More than any other game I've played, Suikoden V makes me see the gulf between my altruistic avatar and my greedy, egomaniacal self. Twists in the story nudge me in this direction. The hero recruits a tactician, and we find out that she's worked for the enemy at one time. But she eventually turned against them, and the villains wonder if she'll do the same to the prince.
According to the ESRB, this game contains: Mild Language, Partial Nudity, Use of Alcohol, Violence
According to the ESRB, this game contains: Mild Cartoon Violence, Mild Language
Ah, Suidoken. When is this series ever going to get back on its feet? Pound for pound, I would say that the first two games in the series can hold their own against any other role-playing games (RPGs) out there. Suikoden II in particular still ranks as one of the best RPGs I've ever played, period. With such a strong start, I seriously don't understand how it's possible that the developers behind the more recent installments keep dropping the ball. III was painfully slow and IV was a bizarre seagoing deviation leaving most fans with a bad taste in their mouths. Striking out in a different direction and hoping to revive this flagging series, Konami brings us Suikoden Tactics.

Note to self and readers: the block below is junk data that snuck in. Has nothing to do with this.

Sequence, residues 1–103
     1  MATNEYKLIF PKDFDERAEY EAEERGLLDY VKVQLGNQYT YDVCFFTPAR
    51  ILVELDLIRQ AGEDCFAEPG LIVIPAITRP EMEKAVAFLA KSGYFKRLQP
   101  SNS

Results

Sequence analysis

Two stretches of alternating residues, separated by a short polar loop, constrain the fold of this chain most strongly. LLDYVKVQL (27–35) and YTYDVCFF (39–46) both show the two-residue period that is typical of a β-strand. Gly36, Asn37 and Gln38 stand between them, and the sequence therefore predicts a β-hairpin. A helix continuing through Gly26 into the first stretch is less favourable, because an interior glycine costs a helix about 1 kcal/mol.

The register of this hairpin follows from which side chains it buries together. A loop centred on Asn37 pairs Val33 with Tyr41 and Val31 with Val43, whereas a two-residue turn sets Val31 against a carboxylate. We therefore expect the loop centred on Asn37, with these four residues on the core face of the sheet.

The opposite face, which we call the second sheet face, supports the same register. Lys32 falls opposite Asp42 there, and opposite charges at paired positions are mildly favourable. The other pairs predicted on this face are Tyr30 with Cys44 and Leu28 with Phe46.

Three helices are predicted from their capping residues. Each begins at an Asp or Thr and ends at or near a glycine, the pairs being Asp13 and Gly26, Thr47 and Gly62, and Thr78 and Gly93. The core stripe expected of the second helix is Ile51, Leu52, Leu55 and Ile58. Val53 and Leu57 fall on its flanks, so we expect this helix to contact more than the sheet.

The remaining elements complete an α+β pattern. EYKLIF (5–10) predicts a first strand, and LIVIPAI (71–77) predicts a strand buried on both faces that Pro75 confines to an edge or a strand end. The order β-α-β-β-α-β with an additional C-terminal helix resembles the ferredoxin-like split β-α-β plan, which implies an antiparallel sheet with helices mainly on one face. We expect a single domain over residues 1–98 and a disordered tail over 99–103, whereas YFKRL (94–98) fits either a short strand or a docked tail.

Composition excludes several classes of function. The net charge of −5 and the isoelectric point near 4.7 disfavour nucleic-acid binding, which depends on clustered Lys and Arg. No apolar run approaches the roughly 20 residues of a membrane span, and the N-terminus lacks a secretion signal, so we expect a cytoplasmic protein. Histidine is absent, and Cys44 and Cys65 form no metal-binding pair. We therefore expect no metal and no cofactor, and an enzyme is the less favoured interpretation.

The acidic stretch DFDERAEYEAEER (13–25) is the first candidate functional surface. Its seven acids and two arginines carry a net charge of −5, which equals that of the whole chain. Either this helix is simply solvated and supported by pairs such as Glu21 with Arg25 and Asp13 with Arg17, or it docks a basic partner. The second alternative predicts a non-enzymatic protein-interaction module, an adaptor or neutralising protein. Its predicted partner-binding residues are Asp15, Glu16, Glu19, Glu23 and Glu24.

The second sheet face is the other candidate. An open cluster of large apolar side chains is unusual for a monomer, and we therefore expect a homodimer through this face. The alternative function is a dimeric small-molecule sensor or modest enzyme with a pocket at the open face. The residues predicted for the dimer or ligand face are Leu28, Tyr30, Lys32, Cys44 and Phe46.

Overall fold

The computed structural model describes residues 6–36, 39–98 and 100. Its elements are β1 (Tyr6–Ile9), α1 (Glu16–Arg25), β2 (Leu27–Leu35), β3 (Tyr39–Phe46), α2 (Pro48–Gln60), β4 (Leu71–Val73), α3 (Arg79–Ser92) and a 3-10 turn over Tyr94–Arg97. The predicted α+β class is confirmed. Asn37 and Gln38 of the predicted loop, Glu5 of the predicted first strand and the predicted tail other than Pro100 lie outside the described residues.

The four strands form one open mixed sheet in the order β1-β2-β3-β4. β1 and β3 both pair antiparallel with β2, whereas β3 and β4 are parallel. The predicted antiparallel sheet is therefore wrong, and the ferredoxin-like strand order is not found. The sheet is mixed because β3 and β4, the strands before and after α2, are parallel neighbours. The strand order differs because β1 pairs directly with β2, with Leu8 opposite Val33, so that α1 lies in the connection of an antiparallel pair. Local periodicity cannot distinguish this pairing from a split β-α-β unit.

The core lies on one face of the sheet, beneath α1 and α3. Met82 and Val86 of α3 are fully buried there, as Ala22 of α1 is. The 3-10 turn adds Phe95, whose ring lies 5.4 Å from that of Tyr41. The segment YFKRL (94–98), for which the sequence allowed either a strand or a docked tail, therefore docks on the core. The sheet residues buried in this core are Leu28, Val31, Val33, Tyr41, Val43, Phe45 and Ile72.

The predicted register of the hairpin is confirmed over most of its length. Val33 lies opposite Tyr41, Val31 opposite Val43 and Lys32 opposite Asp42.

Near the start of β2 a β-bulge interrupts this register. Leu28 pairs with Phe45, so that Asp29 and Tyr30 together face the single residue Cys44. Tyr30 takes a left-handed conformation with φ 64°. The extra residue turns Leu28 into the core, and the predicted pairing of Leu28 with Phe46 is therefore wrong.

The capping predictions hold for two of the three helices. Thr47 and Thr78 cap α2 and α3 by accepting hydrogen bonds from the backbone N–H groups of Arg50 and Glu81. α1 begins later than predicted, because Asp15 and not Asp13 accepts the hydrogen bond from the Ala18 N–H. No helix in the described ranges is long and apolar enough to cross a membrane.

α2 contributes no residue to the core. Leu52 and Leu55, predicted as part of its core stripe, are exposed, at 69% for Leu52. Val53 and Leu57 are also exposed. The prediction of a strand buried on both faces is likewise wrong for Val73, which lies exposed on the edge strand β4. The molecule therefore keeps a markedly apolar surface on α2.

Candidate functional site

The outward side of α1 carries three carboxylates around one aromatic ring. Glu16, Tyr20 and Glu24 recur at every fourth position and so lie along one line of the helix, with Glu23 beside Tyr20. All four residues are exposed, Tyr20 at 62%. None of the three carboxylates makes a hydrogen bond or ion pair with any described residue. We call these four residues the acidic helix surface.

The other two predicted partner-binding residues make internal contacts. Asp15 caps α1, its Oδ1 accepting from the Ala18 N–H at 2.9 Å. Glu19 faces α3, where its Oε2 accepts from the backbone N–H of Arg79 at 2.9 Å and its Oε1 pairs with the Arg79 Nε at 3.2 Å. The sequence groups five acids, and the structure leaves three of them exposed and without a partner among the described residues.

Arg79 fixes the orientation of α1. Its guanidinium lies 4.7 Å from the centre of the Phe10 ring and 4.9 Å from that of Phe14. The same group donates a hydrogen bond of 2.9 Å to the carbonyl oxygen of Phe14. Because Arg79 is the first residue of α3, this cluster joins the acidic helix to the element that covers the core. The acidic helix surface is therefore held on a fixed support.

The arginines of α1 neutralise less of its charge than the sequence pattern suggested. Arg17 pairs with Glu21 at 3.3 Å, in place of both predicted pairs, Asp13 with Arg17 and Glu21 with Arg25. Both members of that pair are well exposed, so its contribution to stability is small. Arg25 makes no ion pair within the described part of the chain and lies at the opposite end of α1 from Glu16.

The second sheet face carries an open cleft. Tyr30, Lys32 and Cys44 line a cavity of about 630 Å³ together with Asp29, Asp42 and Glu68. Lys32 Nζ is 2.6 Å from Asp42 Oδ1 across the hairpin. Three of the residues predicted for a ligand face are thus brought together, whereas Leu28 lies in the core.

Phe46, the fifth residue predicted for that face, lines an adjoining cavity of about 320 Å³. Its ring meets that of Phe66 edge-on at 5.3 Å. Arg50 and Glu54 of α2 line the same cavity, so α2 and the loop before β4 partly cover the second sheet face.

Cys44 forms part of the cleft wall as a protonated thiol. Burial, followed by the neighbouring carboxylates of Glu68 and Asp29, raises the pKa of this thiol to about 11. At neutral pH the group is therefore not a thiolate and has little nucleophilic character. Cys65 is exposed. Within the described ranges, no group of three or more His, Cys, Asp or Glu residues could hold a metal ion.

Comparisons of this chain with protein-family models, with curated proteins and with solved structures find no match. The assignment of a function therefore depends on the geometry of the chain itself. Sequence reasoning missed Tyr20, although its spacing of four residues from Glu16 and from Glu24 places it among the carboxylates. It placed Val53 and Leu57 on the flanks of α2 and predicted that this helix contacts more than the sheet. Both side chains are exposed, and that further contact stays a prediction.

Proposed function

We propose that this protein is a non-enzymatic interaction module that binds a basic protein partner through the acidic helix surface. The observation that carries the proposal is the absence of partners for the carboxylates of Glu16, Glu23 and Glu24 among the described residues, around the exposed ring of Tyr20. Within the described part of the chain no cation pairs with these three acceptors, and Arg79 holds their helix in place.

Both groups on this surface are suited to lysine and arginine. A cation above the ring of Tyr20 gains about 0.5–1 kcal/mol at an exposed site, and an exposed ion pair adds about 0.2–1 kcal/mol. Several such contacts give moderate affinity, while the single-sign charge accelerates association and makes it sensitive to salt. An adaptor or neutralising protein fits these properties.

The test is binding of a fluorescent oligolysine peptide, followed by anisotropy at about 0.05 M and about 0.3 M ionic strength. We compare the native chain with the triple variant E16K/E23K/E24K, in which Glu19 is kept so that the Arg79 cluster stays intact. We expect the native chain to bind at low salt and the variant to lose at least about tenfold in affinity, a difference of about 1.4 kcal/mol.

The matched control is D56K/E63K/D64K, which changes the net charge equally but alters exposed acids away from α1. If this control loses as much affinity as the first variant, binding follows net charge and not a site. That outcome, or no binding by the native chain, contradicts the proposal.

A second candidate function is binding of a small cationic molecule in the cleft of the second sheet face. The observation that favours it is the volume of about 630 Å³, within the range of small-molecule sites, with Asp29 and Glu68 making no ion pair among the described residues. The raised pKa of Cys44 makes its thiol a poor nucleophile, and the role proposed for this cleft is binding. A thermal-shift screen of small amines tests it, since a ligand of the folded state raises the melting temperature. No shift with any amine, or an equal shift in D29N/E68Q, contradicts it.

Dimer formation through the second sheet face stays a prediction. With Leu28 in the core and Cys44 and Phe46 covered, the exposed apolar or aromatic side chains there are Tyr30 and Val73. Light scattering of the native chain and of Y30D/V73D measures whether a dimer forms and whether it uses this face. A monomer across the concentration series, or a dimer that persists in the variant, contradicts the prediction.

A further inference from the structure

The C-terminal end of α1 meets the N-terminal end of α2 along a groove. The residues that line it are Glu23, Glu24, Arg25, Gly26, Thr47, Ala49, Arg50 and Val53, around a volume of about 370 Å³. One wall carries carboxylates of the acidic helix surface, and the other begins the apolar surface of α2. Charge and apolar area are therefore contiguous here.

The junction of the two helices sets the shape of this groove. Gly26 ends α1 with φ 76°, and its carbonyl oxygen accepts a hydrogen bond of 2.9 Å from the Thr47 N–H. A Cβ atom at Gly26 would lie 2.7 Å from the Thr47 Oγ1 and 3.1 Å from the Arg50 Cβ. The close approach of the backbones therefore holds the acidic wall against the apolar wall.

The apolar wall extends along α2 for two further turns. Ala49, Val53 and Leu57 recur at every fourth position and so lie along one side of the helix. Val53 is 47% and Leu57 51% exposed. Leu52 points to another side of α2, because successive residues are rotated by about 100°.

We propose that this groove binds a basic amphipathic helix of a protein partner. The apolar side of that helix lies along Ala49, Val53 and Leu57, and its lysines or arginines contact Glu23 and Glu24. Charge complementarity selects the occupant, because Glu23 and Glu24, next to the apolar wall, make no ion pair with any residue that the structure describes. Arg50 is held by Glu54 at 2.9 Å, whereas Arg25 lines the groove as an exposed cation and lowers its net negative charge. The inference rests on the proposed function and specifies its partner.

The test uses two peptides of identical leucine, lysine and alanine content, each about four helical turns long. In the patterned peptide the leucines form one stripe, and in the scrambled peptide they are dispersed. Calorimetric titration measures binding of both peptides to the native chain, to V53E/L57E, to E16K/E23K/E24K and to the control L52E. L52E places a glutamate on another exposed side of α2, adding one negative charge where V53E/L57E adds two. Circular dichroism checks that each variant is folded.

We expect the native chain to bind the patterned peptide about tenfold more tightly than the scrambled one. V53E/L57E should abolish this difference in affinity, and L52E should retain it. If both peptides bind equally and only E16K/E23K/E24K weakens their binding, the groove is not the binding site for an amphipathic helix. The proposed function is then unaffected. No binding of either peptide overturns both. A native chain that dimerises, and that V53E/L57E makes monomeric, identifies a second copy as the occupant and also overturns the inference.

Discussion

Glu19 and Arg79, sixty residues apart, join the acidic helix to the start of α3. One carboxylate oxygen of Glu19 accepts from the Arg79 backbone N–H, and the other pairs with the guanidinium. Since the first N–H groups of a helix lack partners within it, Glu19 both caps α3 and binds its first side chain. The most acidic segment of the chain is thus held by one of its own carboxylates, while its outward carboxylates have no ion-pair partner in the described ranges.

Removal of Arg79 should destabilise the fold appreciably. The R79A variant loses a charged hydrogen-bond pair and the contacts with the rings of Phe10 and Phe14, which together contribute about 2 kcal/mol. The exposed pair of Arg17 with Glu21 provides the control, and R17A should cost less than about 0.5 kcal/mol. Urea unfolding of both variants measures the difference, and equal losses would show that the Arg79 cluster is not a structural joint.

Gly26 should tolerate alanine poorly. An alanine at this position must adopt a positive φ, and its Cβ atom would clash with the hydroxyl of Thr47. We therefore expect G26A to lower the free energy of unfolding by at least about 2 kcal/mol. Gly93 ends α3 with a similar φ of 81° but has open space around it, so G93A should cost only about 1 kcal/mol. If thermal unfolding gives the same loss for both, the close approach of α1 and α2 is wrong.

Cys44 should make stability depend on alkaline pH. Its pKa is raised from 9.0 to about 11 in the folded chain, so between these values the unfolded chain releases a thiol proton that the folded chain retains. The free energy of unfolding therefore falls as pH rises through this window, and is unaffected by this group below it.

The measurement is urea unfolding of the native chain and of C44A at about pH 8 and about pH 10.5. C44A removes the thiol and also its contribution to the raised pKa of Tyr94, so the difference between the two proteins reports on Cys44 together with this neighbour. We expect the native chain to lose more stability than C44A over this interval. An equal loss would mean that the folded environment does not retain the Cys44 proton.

According to ESRB, this game contains: Mild Language, Suggestive Themes, Use of Alcohol, Violence
The game's most obvious failing is in its very design. While previous Suikoden games have been relatively short by RPG standards, they've always managed to tell epic tales. In a lot of ways, this was a plus—the older games always told grand stories without the narrative fat that's become so common in the genre. Suikoden IV attempts to continue this tradition; it doesn't have any narrative fat, but that's generally because it doesn't have much of a narrative at all. Earlier titles in the series gradually ramped up in terms of action, but Suikoden IV is content to spend the entirety of the game languishing in second gear. It presents moments where it seems like things are going to rev up and finally go somewhere, but they never do. Because of this, the game never really achieves a sense of urgency.
"Suikoden Means War," cried the U.S. print ads for Suikoden II, though the translation was far from accurate. "Suikoden" is actually an English-Japanese transliteration for "Shui Hu Zhuan," the title of a fourteenth-century Chinese novel familiar to some as Outlaws Of The Marsh. But the mistake should be forgiven. Suikoden II is good enough to stake a new claim on an old word. It conveys the turmoil of war with the ring of truth.
According to ESRB, this game contains: Mild Animated Violence, Suggestive Themes